The Lock's Not the Key | Letters | Chicago Reader

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The Lock's Not the Key


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Dear Ms. Krone,

If I'm going to consume the lengthy time to read what appears to be a very interesting multipage article ["Why Did Pieter Die?" March 19], I certainly don't wish to feel it's an unnecessary cliff-hanger which makes the article INCOMPLETE.

Your article ended by saying the jury dismissed the case of Pieter's death as "cause not known."

1. Your reporting was precise to include on page 18 that the master key would NOT open the lock of Pieter's dorm door because the LOCK WAS JAMMED. Omitted was where it was jammed (at the hall entrance or the inside entrance).

2. WHERE, WHERE, WHERE in your reporting is any mention of HOW the jury evidently considered the fact of a jammed lock in determining his death??? Obviously if the lock was jammed from the hall side, it might be considered that some person did it on purpose. And if jammed from the inside, it might be considered that Pieter did it. It's a coincidence that this lock should have been jammed, and at this particular time. Furthermore for the master key to not work, this would not seem to be a normal jam, especially when a locksmith needed to be called in.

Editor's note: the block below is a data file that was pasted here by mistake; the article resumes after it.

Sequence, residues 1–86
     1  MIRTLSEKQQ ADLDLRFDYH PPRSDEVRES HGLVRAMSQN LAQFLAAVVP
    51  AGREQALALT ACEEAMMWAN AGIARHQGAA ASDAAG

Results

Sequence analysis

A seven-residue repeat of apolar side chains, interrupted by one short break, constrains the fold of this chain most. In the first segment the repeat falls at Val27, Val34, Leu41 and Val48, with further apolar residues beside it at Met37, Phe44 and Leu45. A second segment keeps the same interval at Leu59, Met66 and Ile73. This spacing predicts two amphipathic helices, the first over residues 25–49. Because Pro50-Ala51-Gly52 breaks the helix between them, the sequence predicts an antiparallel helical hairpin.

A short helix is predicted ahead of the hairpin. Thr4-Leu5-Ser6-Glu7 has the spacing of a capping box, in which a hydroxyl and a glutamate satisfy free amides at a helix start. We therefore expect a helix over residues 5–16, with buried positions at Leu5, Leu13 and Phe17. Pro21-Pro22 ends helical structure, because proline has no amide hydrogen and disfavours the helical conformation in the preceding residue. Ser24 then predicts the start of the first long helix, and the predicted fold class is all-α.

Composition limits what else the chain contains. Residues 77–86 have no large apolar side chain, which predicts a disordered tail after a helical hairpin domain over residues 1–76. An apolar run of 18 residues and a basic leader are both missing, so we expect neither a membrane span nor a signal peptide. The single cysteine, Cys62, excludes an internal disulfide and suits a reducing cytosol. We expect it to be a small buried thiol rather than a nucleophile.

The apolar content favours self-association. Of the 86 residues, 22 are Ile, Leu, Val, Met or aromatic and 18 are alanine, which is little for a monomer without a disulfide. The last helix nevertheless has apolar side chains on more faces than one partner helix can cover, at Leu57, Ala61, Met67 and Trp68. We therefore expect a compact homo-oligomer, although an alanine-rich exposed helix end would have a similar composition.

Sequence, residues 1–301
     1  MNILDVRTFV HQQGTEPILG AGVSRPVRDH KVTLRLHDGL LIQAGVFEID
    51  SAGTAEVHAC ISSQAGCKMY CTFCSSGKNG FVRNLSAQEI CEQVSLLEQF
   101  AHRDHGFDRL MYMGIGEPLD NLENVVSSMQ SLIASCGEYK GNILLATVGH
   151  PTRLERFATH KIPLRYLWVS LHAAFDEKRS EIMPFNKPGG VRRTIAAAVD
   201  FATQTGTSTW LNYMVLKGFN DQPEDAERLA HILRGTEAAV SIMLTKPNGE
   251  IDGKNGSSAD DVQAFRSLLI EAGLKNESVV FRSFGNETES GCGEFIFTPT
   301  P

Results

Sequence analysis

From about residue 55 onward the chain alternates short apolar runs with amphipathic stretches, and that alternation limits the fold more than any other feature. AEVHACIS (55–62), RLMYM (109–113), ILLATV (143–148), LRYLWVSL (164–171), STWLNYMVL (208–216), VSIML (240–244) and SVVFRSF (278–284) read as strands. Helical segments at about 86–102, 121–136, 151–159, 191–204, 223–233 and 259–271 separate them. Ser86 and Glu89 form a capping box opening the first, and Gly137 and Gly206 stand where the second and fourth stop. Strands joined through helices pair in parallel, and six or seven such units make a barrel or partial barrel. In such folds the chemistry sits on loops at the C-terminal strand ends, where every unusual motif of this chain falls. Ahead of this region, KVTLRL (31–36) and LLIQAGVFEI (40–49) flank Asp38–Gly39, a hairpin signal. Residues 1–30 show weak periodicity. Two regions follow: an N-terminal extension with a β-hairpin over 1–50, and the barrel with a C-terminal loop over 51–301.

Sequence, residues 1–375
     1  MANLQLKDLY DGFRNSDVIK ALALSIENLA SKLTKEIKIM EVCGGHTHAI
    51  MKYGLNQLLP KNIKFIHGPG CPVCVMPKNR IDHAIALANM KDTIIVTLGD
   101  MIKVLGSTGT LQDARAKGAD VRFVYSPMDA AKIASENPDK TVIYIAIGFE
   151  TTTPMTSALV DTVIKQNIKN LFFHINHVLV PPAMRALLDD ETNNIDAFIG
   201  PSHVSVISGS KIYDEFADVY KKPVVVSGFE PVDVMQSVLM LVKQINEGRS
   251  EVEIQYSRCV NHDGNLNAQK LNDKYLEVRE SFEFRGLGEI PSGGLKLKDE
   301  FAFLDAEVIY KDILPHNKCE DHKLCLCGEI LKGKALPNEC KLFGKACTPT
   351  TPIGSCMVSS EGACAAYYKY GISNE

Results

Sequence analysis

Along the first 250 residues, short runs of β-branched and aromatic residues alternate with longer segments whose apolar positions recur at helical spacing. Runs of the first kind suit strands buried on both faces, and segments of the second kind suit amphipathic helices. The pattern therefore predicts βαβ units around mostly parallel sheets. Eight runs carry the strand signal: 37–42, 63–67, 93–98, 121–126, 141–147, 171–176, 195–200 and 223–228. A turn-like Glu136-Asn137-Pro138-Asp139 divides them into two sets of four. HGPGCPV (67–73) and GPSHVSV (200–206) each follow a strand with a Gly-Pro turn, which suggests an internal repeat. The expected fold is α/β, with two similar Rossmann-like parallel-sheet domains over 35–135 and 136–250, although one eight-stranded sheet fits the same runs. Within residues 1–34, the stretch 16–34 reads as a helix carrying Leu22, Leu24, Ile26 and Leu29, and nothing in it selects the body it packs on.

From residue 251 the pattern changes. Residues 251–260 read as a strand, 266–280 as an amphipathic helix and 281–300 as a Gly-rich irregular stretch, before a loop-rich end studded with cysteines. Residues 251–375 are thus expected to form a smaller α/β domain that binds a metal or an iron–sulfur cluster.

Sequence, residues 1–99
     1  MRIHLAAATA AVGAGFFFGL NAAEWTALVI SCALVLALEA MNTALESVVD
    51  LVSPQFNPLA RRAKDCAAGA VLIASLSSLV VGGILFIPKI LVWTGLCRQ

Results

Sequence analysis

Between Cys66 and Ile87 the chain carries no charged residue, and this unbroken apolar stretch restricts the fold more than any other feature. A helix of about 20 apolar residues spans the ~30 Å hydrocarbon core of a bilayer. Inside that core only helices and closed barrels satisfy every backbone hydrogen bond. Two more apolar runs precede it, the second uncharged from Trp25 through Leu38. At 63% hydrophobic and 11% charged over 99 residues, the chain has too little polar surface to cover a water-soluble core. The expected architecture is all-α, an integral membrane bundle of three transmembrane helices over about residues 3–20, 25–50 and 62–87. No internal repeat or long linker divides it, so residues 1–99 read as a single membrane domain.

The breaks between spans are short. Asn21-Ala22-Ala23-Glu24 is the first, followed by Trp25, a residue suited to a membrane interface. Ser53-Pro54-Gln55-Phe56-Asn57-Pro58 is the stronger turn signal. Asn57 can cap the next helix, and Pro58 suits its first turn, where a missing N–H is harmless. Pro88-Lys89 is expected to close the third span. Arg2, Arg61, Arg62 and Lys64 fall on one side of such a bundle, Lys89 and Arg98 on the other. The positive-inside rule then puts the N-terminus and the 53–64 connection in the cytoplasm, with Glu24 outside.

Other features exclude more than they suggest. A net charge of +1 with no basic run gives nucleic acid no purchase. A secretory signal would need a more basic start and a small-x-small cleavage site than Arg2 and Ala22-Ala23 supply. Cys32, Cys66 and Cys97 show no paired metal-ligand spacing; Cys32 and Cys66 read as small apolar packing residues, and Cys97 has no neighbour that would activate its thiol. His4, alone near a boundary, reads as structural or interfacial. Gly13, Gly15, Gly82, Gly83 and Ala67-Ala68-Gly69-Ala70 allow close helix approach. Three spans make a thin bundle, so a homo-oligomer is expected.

3. So please clarify how the jury, with such information about the jammed lock, did not conclude or even consider that this unknown cause of death might have involved some human intentional contribution. It would seem the jury did not consider this because you never made any mention of this important fact in with your other comments on the trial.

4. And why didn't you include this jammed lock information FROM the court hearing along with all your other court hearing details?

Thanks much.

Y. Bravda


Emily Krone replies:

There was no evidence that the lock had been deliberately jammed--many of the locks in the dorm were faulty, and the school was in the process of replacing them. The fact that the door was locked from the inside also didn't prove anything; it was a thumb-hold lock, so Pieter could have locked himself in, or someone else could have set the lock, then left the room. There was no evidence suggesting the latter.

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